Posted by: Sandy Steinman | May 30, 2016

Skyline Serpentine Prairie Wildflowers 5/30/16

Skyline Serpentine Prairie is a restored and protected area in Redwood Regional Park. The management of the area includes prescribed burns and the weeding out of invasive species. Serpentine is the official California state rock.  Serpentine areas are not supportive of many alien species creating an area that is supportive of native wildflowers and grasses.  Much of the prairie is protected by fence but is easily viewed and photographed from the surrounding paths.

While the Prairie is a grassland it is in Redwood Park and next to a woodland with Oak, Bay and Coyote Bush. Poison Oak is also present.

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The highlight today was the Yellow Mariposa Tulip Calochortus luteus, which has started bloom and was fairly abundant. In bloom in good numbers were also California Poppy Eschscholzia californica, Hayfield Tarweed Hemizonia congesta ssp. luzulifoli and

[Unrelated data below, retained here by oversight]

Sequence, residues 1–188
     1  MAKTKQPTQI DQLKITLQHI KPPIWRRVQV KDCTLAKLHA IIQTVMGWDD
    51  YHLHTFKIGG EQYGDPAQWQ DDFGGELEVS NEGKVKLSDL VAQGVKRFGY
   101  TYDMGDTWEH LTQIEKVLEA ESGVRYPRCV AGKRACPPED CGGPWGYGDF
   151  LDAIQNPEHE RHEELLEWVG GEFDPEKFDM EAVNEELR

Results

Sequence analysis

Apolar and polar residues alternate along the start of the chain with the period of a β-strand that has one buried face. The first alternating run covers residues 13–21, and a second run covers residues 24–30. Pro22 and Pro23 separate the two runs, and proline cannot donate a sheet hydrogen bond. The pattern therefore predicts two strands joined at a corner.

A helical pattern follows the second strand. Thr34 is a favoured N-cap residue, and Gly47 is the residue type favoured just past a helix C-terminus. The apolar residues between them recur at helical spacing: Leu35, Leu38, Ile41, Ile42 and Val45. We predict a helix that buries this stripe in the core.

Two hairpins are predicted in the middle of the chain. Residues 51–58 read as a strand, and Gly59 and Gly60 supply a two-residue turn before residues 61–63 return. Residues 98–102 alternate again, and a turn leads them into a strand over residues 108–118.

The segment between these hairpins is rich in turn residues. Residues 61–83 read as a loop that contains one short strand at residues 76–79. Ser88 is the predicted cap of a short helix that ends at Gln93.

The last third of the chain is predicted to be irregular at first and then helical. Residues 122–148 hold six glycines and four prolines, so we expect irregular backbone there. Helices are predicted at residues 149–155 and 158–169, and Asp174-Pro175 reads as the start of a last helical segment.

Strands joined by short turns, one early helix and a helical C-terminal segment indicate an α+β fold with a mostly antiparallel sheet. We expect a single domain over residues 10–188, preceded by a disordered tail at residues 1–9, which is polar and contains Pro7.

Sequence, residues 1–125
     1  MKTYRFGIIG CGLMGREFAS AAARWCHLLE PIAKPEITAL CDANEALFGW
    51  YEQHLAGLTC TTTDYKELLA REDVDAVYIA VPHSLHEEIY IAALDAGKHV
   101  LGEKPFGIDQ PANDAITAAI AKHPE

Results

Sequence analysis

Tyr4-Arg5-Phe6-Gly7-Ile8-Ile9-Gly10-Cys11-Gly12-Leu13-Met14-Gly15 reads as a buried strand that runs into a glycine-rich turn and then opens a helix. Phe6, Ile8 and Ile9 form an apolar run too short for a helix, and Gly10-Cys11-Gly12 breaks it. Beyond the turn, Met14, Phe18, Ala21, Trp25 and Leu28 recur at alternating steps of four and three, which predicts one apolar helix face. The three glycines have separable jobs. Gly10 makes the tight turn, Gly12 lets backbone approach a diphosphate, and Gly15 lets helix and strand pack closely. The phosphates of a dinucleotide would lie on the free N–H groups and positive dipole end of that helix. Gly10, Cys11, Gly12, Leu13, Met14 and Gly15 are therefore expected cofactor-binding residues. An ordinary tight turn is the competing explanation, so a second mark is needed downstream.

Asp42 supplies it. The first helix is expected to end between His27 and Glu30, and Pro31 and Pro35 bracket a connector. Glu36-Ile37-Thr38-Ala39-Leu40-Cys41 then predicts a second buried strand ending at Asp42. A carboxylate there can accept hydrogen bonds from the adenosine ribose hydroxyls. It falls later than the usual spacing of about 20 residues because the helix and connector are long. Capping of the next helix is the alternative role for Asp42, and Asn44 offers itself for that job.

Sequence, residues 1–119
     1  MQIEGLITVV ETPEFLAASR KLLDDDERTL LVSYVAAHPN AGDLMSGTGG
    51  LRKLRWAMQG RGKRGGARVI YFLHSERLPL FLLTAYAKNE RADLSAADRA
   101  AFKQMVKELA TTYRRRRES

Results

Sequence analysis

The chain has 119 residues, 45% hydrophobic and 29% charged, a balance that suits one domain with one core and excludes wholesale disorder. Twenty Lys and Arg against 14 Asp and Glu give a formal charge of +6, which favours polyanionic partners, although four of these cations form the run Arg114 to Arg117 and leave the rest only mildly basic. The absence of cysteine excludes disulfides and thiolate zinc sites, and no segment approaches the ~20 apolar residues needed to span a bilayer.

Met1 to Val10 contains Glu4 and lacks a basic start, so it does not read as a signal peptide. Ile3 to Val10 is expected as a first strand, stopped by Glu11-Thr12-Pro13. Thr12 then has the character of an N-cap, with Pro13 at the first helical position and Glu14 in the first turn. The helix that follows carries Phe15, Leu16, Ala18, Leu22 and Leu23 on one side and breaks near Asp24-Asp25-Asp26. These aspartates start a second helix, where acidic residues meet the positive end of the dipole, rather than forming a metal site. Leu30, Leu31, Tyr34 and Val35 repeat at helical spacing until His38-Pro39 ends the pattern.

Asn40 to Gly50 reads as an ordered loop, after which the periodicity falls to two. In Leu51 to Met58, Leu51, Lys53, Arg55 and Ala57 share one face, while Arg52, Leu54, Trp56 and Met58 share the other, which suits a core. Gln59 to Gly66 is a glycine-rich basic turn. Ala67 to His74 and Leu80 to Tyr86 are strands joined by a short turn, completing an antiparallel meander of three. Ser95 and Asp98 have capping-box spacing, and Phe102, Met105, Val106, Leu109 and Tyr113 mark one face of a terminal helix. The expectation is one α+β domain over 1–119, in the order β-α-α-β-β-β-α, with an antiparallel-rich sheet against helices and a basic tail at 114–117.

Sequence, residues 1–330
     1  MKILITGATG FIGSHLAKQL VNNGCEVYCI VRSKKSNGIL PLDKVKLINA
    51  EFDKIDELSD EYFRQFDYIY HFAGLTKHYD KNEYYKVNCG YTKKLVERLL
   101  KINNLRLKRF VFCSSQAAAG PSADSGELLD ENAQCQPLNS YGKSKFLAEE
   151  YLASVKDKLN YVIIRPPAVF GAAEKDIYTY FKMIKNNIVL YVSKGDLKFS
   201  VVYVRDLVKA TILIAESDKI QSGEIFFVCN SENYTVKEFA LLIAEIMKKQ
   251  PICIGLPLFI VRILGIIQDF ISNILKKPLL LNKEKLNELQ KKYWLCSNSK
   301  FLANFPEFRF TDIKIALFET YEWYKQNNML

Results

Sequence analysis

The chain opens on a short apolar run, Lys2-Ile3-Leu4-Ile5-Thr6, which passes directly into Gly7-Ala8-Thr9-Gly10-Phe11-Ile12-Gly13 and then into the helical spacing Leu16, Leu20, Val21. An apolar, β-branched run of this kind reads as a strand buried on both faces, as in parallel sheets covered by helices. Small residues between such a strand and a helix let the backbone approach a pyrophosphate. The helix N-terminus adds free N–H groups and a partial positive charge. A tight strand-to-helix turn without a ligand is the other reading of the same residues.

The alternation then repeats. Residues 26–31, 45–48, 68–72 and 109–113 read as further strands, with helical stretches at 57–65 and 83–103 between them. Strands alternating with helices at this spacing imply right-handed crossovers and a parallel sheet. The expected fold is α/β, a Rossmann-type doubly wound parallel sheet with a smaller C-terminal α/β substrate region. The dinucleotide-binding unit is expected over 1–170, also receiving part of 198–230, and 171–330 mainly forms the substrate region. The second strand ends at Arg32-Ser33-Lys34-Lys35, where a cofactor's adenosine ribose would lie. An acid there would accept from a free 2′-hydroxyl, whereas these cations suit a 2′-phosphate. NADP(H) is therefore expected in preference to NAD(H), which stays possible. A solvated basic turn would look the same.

Ithuriel’s Spear Triteleia laxa.  Soap Root were also present, but don’t bloom until later in the day. There were a few of the rare and endangered Presidio Clarkia Clarkia franciscana.

Birds identified were Western Scrub Jay, Northern Mockingbird, Anna’s Hummingbird, Raven and Barn Swallow. The only butterflies identified was a California Buckeye.

For more information about the Skyline Serpentine Prairie, you can read this article by Stephen W. Edwards, Ph.D. the former director of the Regional Parks Botanic Garden: There is also an illustrated wildflower guide for the Skyline Serpentine Prairie at


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